Atlantic League mogul Peter Kirk has pitched Frederick (Md.) officials on taking over the lease at Harry Grove Stadium for an independent-league team — but will settle for buying the Frederick Keys (High Class A; Carolina League) as a consolation prize.
Kirk certainly is one of the more interesting people in baseball, and he’s seizing on the fact that the Keys’ lease is up at Harry Grove Stadium is up. There’s been some animosity between the Frederick and the Keys in the past over ballpark maintenance, but as of late the relationship is on a much firmer footing.
Kirk is proposing he and the Atlantic League take over the lease from the Keys, and he’s willing to pay more than the $30,000 or so annually the Keys pay in base rent. The Keys are proposing some additional upgrades to the ballark, and Kirk is willing to fund improvements as well. There’s no doubt the city would make more money from the ballpark under the Atlantic League. Kirk has spoken with Frederick officials on general terms: he’s not yet supplied a detailed proposal.
There’s one thing Kirk cannot supply at this time: an affiliated team. That’s something city officials are very aware of.
Talking last night to a city official, one thing is clear: they’re not taking the Kirk proposal seriously at this time. A year or so ago and Kirk might have actually had a fighting chance at taking over the lease, but the Keys front office — especially GM Dave Ziedelis — has worked hard to patch up relations with the city. They also offer an Orioles farm team, one where players are routinely sent on rehab assignments: during our visit this past season outfielder Felix Pie was wowing the locals with his higher level of play.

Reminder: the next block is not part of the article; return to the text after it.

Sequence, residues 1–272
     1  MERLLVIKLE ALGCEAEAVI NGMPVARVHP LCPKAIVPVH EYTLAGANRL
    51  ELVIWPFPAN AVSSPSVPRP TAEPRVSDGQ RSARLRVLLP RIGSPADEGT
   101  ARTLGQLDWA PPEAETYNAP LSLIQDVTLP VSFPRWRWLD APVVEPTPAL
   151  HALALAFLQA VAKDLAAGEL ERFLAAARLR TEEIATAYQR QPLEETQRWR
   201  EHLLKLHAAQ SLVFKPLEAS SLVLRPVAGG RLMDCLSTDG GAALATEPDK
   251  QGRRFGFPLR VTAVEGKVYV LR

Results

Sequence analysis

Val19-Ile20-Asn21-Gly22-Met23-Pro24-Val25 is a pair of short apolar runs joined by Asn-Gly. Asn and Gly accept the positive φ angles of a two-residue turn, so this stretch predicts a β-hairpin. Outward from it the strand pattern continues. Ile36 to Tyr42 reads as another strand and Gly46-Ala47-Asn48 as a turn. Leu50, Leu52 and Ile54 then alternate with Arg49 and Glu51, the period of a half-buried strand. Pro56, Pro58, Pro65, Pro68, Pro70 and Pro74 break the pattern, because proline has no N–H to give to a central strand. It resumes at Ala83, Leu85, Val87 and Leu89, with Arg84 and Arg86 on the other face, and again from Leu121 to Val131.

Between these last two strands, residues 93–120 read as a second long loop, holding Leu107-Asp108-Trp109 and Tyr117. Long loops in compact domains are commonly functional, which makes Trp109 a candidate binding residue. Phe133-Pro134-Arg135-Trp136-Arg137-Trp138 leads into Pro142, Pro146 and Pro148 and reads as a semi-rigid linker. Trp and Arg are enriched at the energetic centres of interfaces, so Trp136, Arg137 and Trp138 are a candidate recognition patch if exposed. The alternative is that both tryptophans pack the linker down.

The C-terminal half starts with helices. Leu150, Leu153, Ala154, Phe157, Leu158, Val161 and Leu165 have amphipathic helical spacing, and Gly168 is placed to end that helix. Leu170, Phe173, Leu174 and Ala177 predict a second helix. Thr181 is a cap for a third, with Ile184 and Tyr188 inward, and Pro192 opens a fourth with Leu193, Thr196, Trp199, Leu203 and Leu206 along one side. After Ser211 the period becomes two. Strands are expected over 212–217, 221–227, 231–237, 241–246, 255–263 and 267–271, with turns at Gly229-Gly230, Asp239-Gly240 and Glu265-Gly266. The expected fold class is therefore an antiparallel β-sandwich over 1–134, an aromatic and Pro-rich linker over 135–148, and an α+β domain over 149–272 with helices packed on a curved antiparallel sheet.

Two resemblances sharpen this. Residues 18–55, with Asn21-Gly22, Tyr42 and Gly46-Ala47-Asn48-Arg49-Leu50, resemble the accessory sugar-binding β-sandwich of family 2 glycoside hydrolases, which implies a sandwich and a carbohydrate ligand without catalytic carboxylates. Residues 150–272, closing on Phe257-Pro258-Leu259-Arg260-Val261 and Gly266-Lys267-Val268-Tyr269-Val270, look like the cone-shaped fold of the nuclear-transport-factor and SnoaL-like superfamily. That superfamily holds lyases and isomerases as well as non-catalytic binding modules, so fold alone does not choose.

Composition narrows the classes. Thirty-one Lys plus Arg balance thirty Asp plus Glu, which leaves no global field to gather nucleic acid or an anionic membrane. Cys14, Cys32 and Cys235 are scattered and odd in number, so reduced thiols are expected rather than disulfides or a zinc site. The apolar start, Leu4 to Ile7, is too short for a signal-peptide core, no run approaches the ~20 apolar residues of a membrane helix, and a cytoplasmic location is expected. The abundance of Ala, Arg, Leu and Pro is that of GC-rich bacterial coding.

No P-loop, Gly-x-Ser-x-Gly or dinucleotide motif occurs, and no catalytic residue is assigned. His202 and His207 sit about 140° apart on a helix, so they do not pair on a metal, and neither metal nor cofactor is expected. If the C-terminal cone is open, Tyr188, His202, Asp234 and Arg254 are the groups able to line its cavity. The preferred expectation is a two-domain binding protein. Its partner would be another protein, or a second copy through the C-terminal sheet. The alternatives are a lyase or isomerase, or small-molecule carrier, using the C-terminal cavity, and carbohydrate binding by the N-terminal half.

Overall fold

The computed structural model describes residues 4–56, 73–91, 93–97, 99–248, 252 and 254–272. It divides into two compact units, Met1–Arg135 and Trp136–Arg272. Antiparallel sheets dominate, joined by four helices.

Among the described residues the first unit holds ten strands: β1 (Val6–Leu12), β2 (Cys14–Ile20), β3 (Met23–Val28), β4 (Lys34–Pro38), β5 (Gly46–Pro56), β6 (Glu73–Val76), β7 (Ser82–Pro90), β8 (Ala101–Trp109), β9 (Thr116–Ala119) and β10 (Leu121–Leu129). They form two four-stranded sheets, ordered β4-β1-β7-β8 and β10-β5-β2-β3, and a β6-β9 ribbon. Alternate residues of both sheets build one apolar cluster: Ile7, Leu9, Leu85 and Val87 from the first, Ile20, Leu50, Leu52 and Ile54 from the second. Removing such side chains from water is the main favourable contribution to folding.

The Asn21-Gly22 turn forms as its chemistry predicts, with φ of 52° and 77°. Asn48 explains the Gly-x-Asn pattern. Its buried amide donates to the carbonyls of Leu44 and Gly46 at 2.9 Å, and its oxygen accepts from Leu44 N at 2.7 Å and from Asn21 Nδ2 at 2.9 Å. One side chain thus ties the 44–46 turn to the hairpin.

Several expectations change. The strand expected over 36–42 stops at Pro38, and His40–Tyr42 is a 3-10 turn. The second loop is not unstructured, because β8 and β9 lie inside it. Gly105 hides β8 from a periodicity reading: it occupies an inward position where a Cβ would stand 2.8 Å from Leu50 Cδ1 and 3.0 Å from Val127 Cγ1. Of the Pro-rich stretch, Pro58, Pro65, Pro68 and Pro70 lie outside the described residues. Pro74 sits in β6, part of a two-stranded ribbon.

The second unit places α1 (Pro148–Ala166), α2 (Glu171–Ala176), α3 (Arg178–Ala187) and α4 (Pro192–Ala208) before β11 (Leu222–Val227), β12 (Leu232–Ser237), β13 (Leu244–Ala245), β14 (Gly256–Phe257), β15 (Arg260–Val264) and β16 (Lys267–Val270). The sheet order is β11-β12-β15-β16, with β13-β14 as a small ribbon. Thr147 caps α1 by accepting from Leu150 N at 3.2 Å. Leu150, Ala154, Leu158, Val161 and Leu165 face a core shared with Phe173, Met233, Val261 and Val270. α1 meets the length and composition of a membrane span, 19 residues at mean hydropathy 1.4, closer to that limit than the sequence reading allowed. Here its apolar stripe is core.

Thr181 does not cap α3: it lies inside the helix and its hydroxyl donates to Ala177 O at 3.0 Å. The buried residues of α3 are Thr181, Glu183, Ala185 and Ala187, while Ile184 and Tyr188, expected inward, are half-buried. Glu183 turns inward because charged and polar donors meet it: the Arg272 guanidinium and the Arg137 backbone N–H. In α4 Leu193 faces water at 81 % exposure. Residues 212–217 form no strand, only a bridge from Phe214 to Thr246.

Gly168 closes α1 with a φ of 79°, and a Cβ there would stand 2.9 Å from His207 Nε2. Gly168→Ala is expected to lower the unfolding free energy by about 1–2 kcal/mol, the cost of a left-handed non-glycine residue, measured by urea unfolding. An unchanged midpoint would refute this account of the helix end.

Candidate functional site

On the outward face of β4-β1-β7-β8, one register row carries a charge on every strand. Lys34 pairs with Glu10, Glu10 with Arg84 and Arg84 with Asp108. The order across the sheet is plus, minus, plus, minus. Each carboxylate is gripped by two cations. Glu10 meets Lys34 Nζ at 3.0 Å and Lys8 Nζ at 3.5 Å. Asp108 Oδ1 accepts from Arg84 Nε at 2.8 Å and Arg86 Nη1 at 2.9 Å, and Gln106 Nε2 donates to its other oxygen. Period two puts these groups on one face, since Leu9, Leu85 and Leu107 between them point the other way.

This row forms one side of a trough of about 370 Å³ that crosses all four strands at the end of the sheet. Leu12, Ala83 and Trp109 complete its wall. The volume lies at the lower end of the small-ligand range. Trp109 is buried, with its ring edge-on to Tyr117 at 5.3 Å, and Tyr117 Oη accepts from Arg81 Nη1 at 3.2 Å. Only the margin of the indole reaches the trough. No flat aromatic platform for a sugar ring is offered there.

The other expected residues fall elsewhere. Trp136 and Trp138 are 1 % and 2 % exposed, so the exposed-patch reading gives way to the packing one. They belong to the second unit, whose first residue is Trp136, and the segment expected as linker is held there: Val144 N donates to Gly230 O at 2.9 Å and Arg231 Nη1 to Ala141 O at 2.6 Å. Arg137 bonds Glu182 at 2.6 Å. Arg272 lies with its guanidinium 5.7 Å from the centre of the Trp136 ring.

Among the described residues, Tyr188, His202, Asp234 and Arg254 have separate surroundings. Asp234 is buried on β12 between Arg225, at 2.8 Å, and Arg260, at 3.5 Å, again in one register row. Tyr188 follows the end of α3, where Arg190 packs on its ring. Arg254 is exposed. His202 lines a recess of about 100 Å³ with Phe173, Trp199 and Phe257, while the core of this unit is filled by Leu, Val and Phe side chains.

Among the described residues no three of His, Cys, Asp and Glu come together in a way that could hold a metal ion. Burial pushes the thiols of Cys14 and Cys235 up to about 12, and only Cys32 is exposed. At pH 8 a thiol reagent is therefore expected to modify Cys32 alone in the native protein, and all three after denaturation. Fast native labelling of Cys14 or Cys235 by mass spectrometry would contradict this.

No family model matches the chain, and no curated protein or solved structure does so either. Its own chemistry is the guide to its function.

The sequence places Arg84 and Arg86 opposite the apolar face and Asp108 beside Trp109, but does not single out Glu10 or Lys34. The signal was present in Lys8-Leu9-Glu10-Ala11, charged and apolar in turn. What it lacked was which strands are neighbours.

But we suspect Kirk’s real goal here isn’t to land an Atlantic League team in Frederick. Yes, he wants the lease — badly. But we suspect he wants it more as a tool to buy the Keys: If he controls the lease, he has the leverage to buy the team from Ken Young. It’s no secret the Keys have been on the market for some time. Of course, there would be conniptions galore if Kirk actually bought the teams: we seriously doubt he would get approval from MiLB to consummate the deal. We’ve spoken about this with him in the past: Kirk, one of the original owners of the Keys who is now the owner of three independent Atlantic League teams, is of the belief he can bridge the gap between affiliated and independent baseball, owning teams in both worlds and perhaps bringing indy ball into the affiliated fold. But there’s still a lot of animosity in the world of affiliated owners toward indy ball, particularly in the Class AA Eastern League. Current MiLB rules prohibit the ownership of both affiliated and indy teams (something Kirk disputes, by the way), and we don’t see that changing any time soon.
In any case, this is all just talk — but it makes for good offseason water-cooler fodder.
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